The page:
Niche selection is often the hardest part of starting a new website for beginner webmasters. After all, it’s the first step in the entire process – you usually can’t even buy a domain without first deciding on your website’s topic. It’s also one of the most stressful. Typically, if you get the niche selection wrong, the majority of the time you spend on that site will be a waste. You usually can not change the website’s niche after it’s been started, and it ends up being a huge waste of time.
However, perhaps an even bigger waste of time is worrying too much about the above issues. Let me quickly share with you my story.
My first real website was a technology blog. I went into it being told, “blog about what you’re passionate about”, and technology was it. I was incredibly excited, there was so much experience I had in this area and I had so much to say. So what was the problem here?
Technology is not a niche at all, technology is a market, and a huge one at that. While I did make money off of it, I had to work my butt off to keep the revenue coming in. It took me over a year before I realized that the site was not going anywhere. Articles were becoming outdated and irrelevant incredibly quickly, and this type of work was not sustainable. Looking back on it now, the learning experience of the whole thing was far more valuable to me than all the money it made.
Fast forward a few years, right before I decided to really get going with this site that you’re on right now. I spent nearly 2 months trying to find this non-existent ‘golden niche’ that would be the answer to all my problems. I wanted a niche that was both profitable, non-competitive, and something I was interested in. I now understand that these golden niches don’t yet exist, and if you’re looking for them, you’re making the same mistake I did.
Really, there’s only 3 things that go into a good niche:
- There is a problem people are desperate to solve.
- They are willing to pay for a solution (and there’s one available for you to sell).
- The content is evergreen or repeatable.
That’s it, period. Of course, it has to be something you’re willing to write about and market for a long period of time. In order to truly understand why this works, we have to take marketing back to its roots.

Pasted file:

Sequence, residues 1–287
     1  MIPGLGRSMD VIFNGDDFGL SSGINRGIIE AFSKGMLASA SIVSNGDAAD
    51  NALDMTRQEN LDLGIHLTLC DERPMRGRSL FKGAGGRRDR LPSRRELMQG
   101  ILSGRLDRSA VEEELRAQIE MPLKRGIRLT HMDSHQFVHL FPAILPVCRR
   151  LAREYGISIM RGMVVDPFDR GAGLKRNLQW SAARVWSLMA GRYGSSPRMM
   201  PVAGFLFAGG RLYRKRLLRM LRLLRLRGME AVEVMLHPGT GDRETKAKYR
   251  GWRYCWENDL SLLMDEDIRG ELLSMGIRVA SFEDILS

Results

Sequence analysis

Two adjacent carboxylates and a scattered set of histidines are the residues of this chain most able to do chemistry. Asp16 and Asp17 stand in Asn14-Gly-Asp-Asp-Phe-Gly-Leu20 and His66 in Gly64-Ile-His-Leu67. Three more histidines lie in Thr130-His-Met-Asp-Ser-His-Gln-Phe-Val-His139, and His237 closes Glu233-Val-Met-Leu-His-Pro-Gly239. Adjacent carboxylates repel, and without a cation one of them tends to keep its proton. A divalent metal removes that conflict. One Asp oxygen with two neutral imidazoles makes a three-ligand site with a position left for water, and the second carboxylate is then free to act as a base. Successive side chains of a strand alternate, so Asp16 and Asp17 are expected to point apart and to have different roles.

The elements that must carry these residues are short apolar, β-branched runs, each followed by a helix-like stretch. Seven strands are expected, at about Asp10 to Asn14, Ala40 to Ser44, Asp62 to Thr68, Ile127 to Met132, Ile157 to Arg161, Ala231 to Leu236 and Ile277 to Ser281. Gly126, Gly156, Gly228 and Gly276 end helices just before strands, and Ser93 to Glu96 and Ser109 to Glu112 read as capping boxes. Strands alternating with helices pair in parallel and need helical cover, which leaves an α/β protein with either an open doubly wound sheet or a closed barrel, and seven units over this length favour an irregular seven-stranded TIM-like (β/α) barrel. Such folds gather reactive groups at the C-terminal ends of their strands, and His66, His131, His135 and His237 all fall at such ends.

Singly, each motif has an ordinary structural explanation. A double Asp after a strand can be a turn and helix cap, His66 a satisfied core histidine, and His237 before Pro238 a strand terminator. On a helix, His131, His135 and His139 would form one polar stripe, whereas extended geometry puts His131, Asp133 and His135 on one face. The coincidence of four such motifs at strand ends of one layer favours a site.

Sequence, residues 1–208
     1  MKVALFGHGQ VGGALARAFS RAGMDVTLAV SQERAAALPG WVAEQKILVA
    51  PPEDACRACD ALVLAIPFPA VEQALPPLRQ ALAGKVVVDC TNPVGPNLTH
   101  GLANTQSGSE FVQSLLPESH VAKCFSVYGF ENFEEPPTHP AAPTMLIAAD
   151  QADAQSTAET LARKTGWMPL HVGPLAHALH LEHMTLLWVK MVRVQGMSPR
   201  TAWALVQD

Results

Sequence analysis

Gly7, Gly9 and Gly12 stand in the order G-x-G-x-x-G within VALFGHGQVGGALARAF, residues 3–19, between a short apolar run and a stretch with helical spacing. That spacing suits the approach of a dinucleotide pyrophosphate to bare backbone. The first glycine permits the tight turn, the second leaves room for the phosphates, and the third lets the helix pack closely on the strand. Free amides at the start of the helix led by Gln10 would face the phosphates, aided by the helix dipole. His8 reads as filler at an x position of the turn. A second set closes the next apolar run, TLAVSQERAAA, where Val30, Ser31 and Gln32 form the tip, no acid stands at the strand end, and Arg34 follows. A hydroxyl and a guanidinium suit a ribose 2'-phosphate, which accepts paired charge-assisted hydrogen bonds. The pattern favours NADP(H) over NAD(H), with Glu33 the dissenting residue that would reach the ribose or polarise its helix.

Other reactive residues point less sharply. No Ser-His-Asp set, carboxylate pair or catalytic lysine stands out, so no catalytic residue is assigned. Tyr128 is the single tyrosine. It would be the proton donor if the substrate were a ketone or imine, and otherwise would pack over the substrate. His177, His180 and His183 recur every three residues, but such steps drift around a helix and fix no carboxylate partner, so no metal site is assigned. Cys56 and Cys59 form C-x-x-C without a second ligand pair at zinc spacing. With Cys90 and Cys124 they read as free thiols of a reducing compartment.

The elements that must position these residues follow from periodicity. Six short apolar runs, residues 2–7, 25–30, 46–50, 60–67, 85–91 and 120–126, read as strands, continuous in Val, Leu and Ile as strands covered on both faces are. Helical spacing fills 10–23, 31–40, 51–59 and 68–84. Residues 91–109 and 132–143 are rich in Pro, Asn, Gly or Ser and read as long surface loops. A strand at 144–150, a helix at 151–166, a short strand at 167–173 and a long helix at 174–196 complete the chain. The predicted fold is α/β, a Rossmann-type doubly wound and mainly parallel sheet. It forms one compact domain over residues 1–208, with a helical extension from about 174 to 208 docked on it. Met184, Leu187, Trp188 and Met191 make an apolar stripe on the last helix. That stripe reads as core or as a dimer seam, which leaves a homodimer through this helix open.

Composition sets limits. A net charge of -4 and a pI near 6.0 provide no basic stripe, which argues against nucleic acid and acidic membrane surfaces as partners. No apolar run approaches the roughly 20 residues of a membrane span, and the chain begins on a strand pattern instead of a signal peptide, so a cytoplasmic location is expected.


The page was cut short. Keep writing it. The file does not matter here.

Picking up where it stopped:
Why do we spend money? Most often than not, it’s to improve our lives in some way. Whether it be to fulfill a need or a desire, or to improve upon some problem we are facing, we expect to get a return on our money. People who are more desperate to get this return are the ones who will spend more money, more quickly. This is the huge money makers like dating or health are so profitable. People are desperate to find love. People are desperate to cure their back pain, to lose weight, etc.
Am I suggesting you start a website in health or dating? Absolutely not. What I’m saying is that it’s sometimes better to target the problem rather than target the topic. Identify your target audience. Identify what they want, and what you can sell them to fulfill that want. This can be applied to any niche where people are experiencing some sort of problem. Again, the more desperate the people are for a solution, the easier it will be to sell it to them.
But what about competition? It’s irrelevant really. In fact, competition is a sign of a healthy market. After all, there is only competition because that niche is profitable. If there is no competition, it likely means that there isn’t enough profitability to make it worthwhile for a blogger or internet marketer like yourself.
“But what if I find a niche nobody has thought of yet?”
Sorry to burst your bubble, but there are zero unheard niches. Every possible niche that even has potential to make money has already been considered by someone. Of course, this doesn’t mean that low competition niches aren’t profitable – it just usually takes more work. Remember, if there aren’t any products in your niche to promote, you always have the ability to create your own.
The best course of action for you now is to stop looking for these non-existent ‘golden niches’, and instead use the three rules above to find a niche that works for you. Once one comes to mind, attack it head on – don’t take the time to consider alternatives. Get started with it today, and you’ll end up thanking me later.
The golden niche of ‘something one is interested in’ is a definite requirement, whilst the other two… low competition and profitability may be sacrificed. Following along, you suggest looking out for topical problems to solve. I suppose the problem will act as the persuader anyway, the blogger only needs to exacerbate it and provide the solution.
Hey Terence, absolutely. Ultimately all money is exchanged to solve some sort of problem, so if you’re able to craft your strategy around problem solving money will surely follow. The intensity or quantity of problems is directly correlated with the profitability of a niche.
Out of all of them, I still believe competition is the least important factor. I’d rather build a business in a competitive, very profitable niche than an unprofitable (but low competition) one!
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